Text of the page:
Lightner Museum opens new gift shop

Unveiling symbolic of larger makeover


In absence of visitors during the recent COVID-19 shutdown, the Lightner Museum has undergone a transformation. Returning patrons will find that almost the entire first floor has been given a makeover.

Nowhere is this more evident than in the gift shop, which was the focus of an open house Thursday, June 18.

The shop, formerly located on the mezzanine level over the old pool area, has been moved into the space that had housed the Victorian Village, which has been retired after three decades on display.

“It makes sense for the gift shop to be on the first floor of the museum,” said Angela de Gregory, volunteer coordinator and events manager. “I think we’ll get a lot more traffic. Also, I think that the new gift shop is kind of symbolic of a larger transition that the museum is making as we move forward.”

The shop is an attraction in itself. The windows, formerly covered over, now let in bright sunlight to give a luster to the treasures on display. The merchandise is unusual, purposefully sought out by store manager and buyer Katie Fieldman.

“I think it makes a unique store, because I try to get merchandise that you don’t see around town,” she said.

She pointed out a selection of purses from London and a display of globes that slowly spin on their axes.

The shop also now sells items branded with the museum’s logo, as well as merchandise with a local flavor such as coffee from The Kookaburra and photography by Jackie Hird.

“We’re trying to expand the items a little bit more to also represent our local community,” de Gregory said.

A seating area, where visitors can enjoy a beverage or a snack, has been added to the shop as well.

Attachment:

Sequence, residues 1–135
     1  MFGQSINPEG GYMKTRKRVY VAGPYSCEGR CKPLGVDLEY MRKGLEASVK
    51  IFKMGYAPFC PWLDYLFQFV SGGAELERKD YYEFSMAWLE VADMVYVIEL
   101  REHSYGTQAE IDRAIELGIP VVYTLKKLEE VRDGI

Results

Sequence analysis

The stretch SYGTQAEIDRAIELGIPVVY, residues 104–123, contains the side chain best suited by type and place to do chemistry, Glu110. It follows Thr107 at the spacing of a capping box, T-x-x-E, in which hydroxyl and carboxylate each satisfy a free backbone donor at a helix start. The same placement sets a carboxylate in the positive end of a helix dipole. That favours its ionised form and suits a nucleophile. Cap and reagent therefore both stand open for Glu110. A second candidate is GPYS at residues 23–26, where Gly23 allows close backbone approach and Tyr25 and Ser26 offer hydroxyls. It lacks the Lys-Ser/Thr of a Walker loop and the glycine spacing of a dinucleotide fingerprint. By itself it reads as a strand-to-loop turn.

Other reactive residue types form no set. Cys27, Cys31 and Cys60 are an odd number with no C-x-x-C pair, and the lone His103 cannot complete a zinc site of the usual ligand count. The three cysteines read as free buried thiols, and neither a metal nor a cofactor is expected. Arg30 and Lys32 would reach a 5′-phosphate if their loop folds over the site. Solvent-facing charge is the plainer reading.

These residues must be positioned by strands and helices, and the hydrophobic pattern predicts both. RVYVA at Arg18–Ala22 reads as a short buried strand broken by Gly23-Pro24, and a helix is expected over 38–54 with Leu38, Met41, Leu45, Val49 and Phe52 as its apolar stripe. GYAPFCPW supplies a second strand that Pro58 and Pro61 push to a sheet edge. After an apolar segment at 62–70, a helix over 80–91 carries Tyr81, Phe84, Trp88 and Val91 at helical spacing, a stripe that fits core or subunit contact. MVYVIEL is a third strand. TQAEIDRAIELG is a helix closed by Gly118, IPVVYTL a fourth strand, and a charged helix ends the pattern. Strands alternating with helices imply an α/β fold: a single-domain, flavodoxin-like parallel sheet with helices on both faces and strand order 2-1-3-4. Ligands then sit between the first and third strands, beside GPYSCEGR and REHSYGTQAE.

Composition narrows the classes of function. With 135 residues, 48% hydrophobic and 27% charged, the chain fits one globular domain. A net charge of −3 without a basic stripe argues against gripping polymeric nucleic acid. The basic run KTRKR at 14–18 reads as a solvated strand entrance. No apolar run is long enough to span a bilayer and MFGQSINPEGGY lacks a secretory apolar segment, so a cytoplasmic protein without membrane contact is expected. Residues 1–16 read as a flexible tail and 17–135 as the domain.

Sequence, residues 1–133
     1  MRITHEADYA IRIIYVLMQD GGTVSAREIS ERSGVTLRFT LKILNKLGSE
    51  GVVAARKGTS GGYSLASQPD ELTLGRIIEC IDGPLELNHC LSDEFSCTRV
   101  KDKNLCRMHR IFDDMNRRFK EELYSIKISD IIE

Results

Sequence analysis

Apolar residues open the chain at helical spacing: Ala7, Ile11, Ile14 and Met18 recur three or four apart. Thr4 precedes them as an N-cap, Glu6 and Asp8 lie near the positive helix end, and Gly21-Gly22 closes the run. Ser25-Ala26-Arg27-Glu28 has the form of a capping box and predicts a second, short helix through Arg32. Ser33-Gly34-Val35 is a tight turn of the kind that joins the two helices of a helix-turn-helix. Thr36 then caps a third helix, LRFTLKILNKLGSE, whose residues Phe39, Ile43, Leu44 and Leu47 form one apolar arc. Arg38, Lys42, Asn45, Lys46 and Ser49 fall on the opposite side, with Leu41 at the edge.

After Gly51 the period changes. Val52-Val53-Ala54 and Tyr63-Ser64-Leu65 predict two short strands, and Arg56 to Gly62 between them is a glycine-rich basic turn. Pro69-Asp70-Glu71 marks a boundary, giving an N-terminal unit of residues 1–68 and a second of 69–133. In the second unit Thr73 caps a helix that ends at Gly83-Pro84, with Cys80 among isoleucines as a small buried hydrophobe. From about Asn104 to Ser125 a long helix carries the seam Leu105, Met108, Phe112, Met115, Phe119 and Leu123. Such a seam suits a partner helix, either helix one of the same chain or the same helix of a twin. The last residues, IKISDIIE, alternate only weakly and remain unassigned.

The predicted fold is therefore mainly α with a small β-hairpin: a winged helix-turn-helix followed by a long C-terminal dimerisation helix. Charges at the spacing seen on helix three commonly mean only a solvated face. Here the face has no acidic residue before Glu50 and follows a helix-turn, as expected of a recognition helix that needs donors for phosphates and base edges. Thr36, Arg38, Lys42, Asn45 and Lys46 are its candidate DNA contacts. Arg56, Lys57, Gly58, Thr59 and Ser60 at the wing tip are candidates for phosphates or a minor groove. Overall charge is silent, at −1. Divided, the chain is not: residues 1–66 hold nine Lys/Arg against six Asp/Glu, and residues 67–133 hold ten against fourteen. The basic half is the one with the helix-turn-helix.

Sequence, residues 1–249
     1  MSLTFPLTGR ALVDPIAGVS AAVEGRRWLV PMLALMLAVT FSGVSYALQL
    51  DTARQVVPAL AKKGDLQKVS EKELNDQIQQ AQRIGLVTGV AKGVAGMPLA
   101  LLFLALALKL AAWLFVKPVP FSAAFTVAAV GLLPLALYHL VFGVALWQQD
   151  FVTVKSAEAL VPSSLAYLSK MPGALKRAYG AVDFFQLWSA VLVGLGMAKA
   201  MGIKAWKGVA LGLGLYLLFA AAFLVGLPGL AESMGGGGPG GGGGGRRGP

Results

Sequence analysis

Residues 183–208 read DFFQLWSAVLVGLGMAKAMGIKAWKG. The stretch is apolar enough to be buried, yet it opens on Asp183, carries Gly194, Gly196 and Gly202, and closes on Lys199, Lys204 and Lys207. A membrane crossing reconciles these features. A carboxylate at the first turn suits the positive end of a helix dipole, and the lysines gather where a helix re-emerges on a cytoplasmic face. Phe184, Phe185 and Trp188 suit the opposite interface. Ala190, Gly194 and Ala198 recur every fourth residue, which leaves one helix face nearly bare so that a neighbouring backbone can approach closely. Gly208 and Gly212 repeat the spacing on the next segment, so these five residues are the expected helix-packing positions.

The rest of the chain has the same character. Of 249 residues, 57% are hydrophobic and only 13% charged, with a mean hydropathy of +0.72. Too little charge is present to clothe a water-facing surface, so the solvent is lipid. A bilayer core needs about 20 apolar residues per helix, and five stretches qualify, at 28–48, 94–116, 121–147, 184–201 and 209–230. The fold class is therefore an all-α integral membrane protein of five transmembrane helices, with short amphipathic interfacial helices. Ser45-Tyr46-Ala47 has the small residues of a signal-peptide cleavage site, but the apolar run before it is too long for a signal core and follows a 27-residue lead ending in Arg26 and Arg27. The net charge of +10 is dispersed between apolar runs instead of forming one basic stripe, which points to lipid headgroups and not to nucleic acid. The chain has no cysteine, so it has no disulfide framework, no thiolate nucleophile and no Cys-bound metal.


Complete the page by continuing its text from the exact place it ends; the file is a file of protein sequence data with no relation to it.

The area vacated by the shop will house a restored stained-glass exhibit and a new virtual reality exhibit, in which visitors will be able to design their own virtual Gilded Age mansions based upon photos of some of the most popular items from the museum’s collection.

The museum was closed to the public from mid-March through the first week of May in the wake of the COVID-19 outbreak. During that time, the entire first floor was repainted and refloored, two new public restrooms were constructed, a new sound system was installed and a lot of plumbing and electrical work was performed.

In the science room, the taxidermied lion once owned by Winston Churchill is among the exhibits being spruced up.

“He’s, overall, in good shape, but I think we’re going to give him a new eye and brush him a little — just give him a little makeover,” said de Gregory.

The shutdown came as museum officials were planning to recreate the gift shop anyway. The enforced absence of the public allowed staff to make use of the time to the museum’s advantage.

The museum at 75 King St. is located in the former Alcazar Hotel, built in the 1890s by Henry Flagler. The hotel eventually closed and the building was purchased by Otto C. Lightner, who opened the museum in the 1940s.


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